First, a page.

The media today: The Pulitzers celebrate next 100 years, with cocktails and a case for the free press

Launching the “next 100 years” of the Pulitzer Prizes, journalists gathered at Michael’s in midtown Manhattan last night to mingle and celebrate in advance of the awards, which will be presented at Columbia University on April 16. The festivities marked a departure for the usually staid awards committee, and leaders of the board spoke about the weight of the Pulitzer’s legacy, and their own responsibility to do more in advocating for the freedom of the press.

“For an entire century the Pulitzer Prizes…have had a wonderful impact not just on journalism and arts and letters, but, I would argue, on our democracy,” Washington Post columnist and Pulitzer Board Chairman Eugene Robinson said in his opening remarks. But, he continued, “this is a moment where journalism is under attack. The very concepts of fact and truth are under assault…by a concerted and constant and very serious attempt to discredit and disqualify the voices of the news media.” Robinson spoke of the need for the Pulitzers to do more than host an annual luncheon in which awards are handed out, but to be an active participant in defending journalism and educating the country about the work the committee celebrates.

Journalists and editors fraternizing at the restaurant included Ronan Farrow, Shani O. Hilton, Juan Williams, Diane Sawyer, Lee Bollinger, Choire Sicha, Lydia Polgreen, Nicholas Kristof, Bret Stephens, Mike Allen, David Fahrenthold, Raju Narisetti, Gabe Sherman, and Joe Pompeo. They, and others in attendance, were offered “Pulitzers,” in the form of a special cocktail designed for the event.

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The evening also served as a welcome to new Pulitzer Administrator Dana Canedy, a former Pulitzer winner and longtime editor at The New York Times. In her opening remarks, she championed “the importance of a strong vibrant independent press,” and promised the committee would recognize “real news of the highest order, executed, as it was intended, without fear or favor.”

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Canedy, who spoke to CJR last July, also touched on her role as the first woman and person of color to announce the Pulitzer Prizes. Later in the evening she expanded on what her elevation to that position signified, telling CJR, “I am not a unicorn and I should not be a sorority of one. There are lots of women and people of color who can perform at high levels, not just in this industry, but in industries across the country.” She wants to expand the scope of work recognized by the committee, which, according to CJR analysis, have begun to recognize the work of women, but have persistent levels of racial disparity: 84 percent of the prizes in the first 100 years of the Pulitzer went to white journalists and artists. Canedy says the Prizes must “diversify in every way. I want more conservative journalists and columnists, more hotshot young digital news organizations, more people using new technologies and platforms applying for Pulitzer Prizes. To the extent that we broaden our appeal, we do a service to journalism.”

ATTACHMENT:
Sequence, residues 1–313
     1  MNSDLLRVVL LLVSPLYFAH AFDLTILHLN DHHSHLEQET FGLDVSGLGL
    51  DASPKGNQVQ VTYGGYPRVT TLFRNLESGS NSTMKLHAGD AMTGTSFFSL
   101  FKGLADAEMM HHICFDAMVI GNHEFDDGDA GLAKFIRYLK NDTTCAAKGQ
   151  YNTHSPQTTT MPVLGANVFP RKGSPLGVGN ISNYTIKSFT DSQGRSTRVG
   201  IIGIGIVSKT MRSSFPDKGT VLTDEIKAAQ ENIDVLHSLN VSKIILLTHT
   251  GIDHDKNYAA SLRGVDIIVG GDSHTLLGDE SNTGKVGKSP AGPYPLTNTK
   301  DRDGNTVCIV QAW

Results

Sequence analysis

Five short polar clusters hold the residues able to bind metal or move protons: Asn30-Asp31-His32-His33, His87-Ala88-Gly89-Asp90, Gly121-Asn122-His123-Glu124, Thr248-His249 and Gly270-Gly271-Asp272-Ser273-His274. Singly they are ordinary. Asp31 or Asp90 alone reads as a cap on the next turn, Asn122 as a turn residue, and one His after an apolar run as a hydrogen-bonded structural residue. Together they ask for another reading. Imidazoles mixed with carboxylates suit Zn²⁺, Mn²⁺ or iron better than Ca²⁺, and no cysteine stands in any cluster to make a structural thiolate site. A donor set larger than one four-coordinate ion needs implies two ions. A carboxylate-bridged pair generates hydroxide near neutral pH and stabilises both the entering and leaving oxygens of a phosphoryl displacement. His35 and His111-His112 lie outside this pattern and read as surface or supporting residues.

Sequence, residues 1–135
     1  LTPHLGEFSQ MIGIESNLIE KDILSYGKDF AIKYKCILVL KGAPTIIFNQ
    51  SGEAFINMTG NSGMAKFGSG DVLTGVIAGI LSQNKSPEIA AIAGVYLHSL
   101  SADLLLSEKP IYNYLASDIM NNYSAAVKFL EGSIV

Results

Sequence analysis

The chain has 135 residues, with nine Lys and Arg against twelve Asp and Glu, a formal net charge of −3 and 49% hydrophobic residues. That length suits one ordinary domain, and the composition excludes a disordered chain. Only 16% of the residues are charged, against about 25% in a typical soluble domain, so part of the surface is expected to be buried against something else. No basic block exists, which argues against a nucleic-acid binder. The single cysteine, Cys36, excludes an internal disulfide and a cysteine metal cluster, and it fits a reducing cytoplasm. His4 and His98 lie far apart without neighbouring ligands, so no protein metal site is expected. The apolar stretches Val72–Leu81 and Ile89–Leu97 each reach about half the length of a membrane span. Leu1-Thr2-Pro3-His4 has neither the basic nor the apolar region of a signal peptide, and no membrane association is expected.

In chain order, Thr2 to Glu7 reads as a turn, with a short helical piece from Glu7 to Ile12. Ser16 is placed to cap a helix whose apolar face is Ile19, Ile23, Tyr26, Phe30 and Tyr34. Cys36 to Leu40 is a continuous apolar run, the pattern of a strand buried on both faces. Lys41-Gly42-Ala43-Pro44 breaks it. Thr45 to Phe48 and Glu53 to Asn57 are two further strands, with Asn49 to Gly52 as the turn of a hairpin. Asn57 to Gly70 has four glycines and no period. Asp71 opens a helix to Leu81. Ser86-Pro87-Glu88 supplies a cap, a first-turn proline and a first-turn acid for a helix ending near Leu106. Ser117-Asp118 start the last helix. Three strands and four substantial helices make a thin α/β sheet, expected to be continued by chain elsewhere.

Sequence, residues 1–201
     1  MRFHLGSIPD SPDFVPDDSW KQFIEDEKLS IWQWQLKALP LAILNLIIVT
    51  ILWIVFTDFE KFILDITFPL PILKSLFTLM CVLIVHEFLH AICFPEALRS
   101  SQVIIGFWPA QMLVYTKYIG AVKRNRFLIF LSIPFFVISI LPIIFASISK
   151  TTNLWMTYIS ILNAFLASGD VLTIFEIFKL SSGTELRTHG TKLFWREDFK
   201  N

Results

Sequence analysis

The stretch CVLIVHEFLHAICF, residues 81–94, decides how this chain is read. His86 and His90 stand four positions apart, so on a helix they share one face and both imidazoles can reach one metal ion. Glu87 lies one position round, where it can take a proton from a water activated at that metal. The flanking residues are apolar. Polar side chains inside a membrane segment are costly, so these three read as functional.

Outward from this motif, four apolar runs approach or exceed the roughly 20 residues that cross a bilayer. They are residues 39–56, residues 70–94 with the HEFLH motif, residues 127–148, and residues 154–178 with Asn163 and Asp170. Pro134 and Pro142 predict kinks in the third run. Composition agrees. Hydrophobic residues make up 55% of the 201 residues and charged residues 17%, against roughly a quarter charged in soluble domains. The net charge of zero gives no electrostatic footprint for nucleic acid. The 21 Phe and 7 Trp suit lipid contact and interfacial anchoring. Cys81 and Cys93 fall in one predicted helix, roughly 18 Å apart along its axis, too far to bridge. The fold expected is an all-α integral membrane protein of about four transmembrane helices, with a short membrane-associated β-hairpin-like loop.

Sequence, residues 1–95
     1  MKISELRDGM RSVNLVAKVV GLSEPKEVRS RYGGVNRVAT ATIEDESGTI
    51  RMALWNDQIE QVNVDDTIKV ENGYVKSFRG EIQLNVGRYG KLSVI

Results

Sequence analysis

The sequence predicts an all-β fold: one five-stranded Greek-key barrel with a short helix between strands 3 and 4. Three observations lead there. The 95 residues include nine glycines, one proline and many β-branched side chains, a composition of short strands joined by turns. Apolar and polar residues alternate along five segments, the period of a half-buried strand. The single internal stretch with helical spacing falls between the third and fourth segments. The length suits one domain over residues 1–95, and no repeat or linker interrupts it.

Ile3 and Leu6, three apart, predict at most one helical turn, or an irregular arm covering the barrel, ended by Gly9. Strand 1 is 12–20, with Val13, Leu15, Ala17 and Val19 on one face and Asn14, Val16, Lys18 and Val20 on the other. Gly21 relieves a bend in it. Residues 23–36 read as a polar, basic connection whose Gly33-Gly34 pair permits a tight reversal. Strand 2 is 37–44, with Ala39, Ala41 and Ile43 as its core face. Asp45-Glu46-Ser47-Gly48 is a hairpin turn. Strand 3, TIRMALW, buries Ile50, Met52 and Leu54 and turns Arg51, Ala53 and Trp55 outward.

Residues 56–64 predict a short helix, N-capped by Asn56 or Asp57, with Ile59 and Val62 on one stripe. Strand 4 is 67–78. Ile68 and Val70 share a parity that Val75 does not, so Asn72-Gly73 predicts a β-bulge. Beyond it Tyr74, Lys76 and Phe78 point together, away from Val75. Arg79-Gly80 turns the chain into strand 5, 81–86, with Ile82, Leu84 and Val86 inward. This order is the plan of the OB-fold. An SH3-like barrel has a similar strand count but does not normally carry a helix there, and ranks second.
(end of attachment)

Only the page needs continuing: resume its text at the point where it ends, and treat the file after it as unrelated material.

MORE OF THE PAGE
Other notable stories

  • The Washington Post’s Margaret Sullivan focuses on conservative attacks on the character of Stoneman Douglas students as an example of “a spreading stain” in the media fabric, “in which conspiracy mongering from the likes of Infowars and…Gateway Pundit is adopted by some elements of the formerly mainstream right.”
  • Variety’s cover story features a look at ESPN, as new president Jimmy Pitaro takes the reins of a company still dominant in its field, but struggling through a period of controversies and falling subscription numbers. “ESPN has weathered any number of tempests in its nearly 40 years. But the perfect storm brewing in Bristol these days is bigger than any that Disney’s most valuable asset has ever faced,” Brian Steinberg writes.
  • For CJR, Jackie Spinner highlights the work of AP veteran John O’Connor in Illinois. As cutbacks at news outlets have diminished the number of reporters working the statehouse, O’Connor has soldiered on, using FOIA requests to expose corruption at nearly every level of the Illinois government.
  • Atlantic Editor in Chief Jeffrey Goldberg “knows that he hired a troll,” writes Slate’s Jordan Weissmann. “But he thinks readers should give him a second chance.” In a memo to staff, Goldberg defended his decision to bring on Kevin Williamson, formerly of National Review, whose racially insensitive and transphobic columns, as well as a tweet suggesting women who had abortions should be hanged, caused a backlash among The Atlantic’s readers.
  • For CJR, Stefania D’Ignoti writes that in Syria, journalism has become a more viable means of survival than pursuing the STEM careers they started. “The reality that Syrian residents [have] become the sole witnesses to the alleged war crimes and atrocities devastating their country” has pushed many to document the horrors of the civil war, D’Ignoti writes.

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Pete Vernon is a CJR staff writer. Follow him on Twitter @ByPeteVernon.